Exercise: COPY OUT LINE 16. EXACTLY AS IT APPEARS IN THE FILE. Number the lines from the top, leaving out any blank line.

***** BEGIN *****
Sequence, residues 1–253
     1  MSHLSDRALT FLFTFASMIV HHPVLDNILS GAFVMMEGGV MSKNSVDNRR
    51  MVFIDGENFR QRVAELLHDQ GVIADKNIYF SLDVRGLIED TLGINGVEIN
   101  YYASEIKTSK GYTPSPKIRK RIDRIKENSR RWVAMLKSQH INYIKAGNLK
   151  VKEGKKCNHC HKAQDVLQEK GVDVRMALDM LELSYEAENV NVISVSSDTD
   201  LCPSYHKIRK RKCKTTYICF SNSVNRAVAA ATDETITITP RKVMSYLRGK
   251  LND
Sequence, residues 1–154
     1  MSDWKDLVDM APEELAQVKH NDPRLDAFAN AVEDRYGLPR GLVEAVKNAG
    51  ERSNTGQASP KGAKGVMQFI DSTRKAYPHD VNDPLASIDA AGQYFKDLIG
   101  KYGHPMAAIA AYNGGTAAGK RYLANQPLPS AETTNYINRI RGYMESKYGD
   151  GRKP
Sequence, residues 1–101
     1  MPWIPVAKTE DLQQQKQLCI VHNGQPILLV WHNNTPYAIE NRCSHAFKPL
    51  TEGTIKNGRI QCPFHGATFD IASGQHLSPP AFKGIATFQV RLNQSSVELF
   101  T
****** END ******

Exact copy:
   101  T